Thursday, July 21, 2022

Imagining the Kraken vs. the Golden Knights in a real expansion draft

One year ago today, the NHL welcomed the Seattle Kraken with an expansion draft. It was the second draft in five years, with the previous one having been held in 2017 when the Vegas Golden Knights joined the league.

I just lied to you. Did you spot it?

If not, don’t feel bad. It’s a lie that the NHL itself tells, and most of the media repeats. It’s the part about their being an expansion draft in 2021, or in 2017.

There wasn’t. There were no drafts either year, because a draft by definition involves more than one team. It’s two or more teams taking turns selecting eligible players. If there’s only one team involved, they’re not drafting – they’re just submitting a list.

That’s what we had in 2017 and 2021. The NHL hasn’t had a real expansion draft since 2000, when the Wild and Blue Jackets took turns picking (terrible) players. In the cap era? It’s never happened.

Until today. We’re going to redo 2017 and 2021, but we’re going to do it right. Vegas vs. Seattle, in an actual head-to-head draft.

To make this happen, we’re calling in a team meeting of the Thursday edition of The Athletic Hockey Show podcast. Representing the Golden Knights is Jesse Granger, while Ian Mendes handles the Kraken. Sean McIndoe will moderate, and also write the intro. He’s the handsome one.

Here’s how it will work:

  • We’ll be using the eligibility lists from both 2017 and 2021. Ian and Jesse are drafting those players at that moment in time, with full benefit of hindsight. So if they use a pick on 2017 Josh Anderson from Columbus, they’ll be getting a 23-year-old RFA who’ll sign a three-year bridge deal and is about to blossom into a consistent 20-goal scorer.
  • Vegas and Seattle will each draft 23 players, which must consist of three goalies, seven defensemen and 13 forwards (which should include a reasonable mix of centers and wingers, but we’ll leave that to the two GMs to sort out). Unlike the 2000 draft, we aren’t going in order of position, because it’s just way more fun this way.
  • No NHL team can lose more than two players. Once a team loses two, all their other players from both years are no longer eligible.
  • No side deals are allowed, and no side deals that were made in real life will be honored. If a guy is on the eligible list, he can be drafted. If he’s not, he’s not available to us.
  • The same player can’t be drafted from both 2017 and 2021, because gosh, that would be unrealistic.
  • Both rosters must fit under this coming season’s cap of $82.5 million, again based on cap hits that those players had at the time of the draft. In the case of free agents, their cap hit will be whatever they signed for that summer. Both RFAs and UFAs are allowed. (We did make one exception by agreeing not to take Washington’s Alex Ovechkin, who was technically left unprotected in 2021 but who had a roughly 0% of ever signing with an expansion team.)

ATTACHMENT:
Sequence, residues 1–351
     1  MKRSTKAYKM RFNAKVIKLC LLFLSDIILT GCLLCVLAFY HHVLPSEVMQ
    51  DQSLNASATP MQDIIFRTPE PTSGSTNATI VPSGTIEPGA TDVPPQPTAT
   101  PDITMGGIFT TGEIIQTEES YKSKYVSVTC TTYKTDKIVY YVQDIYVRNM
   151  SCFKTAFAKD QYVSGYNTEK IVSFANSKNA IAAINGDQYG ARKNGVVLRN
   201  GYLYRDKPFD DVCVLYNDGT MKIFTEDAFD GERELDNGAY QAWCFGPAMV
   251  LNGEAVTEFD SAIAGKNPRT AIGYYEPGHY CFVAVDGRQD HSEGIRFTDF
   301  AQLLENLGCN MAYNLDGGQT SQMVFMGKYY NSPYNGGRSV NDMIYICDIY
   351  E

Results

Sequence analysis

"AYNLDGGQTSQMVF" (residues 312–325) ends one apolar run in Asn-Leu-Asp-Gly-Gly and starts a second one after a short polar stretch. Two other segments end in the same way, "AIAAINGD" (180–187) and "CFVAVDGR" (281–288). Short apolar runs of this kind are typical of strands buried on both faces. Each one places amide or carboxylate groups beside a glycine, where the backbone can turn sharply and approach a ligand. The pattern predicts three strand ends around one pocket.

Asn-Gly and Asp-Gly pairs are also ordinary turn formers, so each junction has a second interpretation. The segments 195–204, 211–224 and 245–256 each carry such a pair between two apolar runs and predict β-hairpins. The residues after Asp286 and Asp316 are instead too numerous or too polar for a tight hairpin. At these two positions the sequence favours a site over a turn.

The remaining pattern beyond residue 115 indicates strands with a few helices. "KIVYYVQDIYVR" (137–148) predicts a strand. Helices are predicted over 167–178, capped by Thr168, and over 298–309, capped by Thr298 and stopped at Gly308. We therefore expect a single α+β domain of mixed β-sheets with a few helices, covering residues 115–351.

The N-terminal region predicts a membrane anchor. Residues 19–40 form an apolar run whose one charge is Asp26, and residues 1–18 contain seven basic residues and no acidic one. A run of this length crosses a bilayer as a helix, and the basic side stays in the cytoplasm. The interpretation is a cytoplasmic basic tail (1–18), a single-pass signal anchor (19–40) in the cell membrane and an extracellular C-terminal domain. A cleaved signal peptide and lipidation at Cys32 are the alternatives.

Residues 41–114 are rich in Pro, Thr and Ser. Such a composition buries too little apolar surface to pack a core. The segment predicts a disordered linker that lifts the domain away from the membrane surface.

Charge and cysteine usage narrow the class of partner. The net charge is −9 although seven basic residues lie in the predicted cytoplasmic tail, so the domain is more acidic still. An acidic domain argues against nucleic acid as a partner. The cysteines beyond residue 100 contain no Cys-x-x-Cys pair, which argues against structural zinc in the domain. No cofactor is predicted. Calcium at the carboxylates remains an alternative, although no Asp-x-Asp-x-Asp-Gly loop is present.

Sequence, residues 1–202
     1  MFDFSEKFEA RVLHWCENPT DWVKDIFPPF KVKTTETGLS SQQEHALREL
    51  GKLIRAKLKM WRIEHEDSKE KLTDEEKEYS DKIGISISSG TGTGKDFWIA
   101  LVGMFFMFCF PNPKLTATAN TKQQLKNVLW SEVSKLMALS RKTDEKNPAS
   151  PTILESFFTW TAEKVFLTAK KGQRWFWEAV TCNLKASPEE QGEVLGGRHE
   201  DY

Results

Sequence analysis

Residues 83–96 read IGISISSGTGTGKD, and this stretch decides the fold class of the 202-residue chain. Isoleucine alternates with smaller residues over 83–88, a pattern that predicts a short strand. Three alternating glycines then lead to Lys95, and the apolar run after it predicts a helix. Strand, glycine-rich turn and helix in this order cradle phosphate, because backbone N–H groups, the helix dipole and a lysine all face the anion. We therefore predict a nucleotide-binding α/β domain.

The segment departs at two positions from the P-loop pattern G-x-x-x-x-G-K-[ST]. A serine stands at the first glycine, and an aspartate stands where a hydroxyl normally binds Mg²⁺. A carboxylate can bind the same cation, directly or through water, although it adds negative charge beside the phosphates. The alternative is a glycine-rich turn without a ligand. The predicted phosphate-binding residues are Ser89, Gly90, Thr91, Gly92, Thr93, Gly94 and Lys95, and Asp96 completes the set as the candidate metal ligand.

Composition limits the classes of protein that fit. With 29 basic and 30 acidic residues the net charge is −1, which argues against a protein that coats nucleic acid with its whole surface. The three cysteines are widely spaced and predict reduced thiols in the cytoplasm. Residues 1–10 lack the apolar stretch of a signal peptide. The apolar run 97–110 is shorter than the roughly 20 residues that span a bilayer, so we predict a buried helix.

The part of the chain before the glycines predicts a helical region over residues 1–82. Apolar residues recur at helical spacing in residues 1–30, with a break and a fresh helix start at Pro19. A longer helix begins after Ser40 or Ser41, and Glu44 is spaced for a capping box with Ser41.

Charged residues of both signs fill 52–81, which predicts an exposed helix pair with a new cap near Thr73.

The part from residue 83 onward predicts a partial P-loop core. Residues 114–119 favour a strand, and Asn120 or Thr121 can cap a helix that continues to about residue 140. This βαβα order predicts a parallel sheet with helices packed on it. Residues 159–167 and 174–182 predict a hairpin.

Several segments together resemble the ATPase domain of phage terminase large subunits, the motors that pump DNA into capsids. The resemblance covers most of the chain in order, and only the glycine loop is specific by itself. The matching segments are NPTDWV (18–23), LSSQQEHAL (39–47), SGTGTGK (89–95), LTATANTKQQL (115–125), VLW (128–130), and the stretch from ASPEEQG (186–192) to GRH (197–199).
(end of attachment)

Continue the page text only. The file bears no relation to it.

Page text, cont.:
• At the end of the draft, we’ll lay out both teams and readers will vote on who’d win a seven-game series. The losing GM will be fired from the podcast. Or maybe just shamed, we’re still figuring that part out.

And with that, it’s time for something modern fans haven’t seen in decades: A real expansion draft, the way the hockey gods intended it. Jess won the coin toss, so Vegas is on the clock.

The draft

1.1. Vegas takes Marc-Andre Fleury (2017) from the Penguins

Granger: You’re telling me I can pick a future first-ballot Hall of Famer with the hindsight of knowing he will have two of the best seasons of his career over the next five seasons? Sign me up. Not only is Fleury the best pick on the ice, he’s the perfect cornerstone to build a team around off the ice.

1.2. Seattle takes Matt Duchene (2021) from the Predators

Mendes: Now, I am going to do something a little shocking here. I’m taking Duchene with my first pick. Is he overpriced? Probably. But he’s coming off a 43-goal season. And there aren’t too many good centers available, so I’m starting with him.

2.1. Vegas takes Vladimir Tarasenko (2021) from the Blues

Granger: There were worries his shoulder could be a longer-term problem, but 82 points in 75 games this season says otherwise. Tarasenko gives me a perennial 30-goal scorer to build my top line around.

2.2. Seattle takes Jonathan Marchessault (2017) from the Panthers

Mendes: I’m going to continue with my pattern of drafting centers here with Jonathan Marchessault from the 2017 Panthers. And I get him at his 2017-18 salary of $750,000.

3.1. Vegas takes David Perron (2017) from the Blues

Granger: I’ll take Blues snipers with back-to-back picks to fill out the wings on the top line. Taking Perron from back in 2017, knowing he racked up 110 goals and 287 points over the next five seasons, is an easy pick.

McIndoe: And with that, just five picks in, the Blues are the first team off the board. You can turn off the draft, Vince Dunn. So can a young Jordan Binnington, who was available in 2017.

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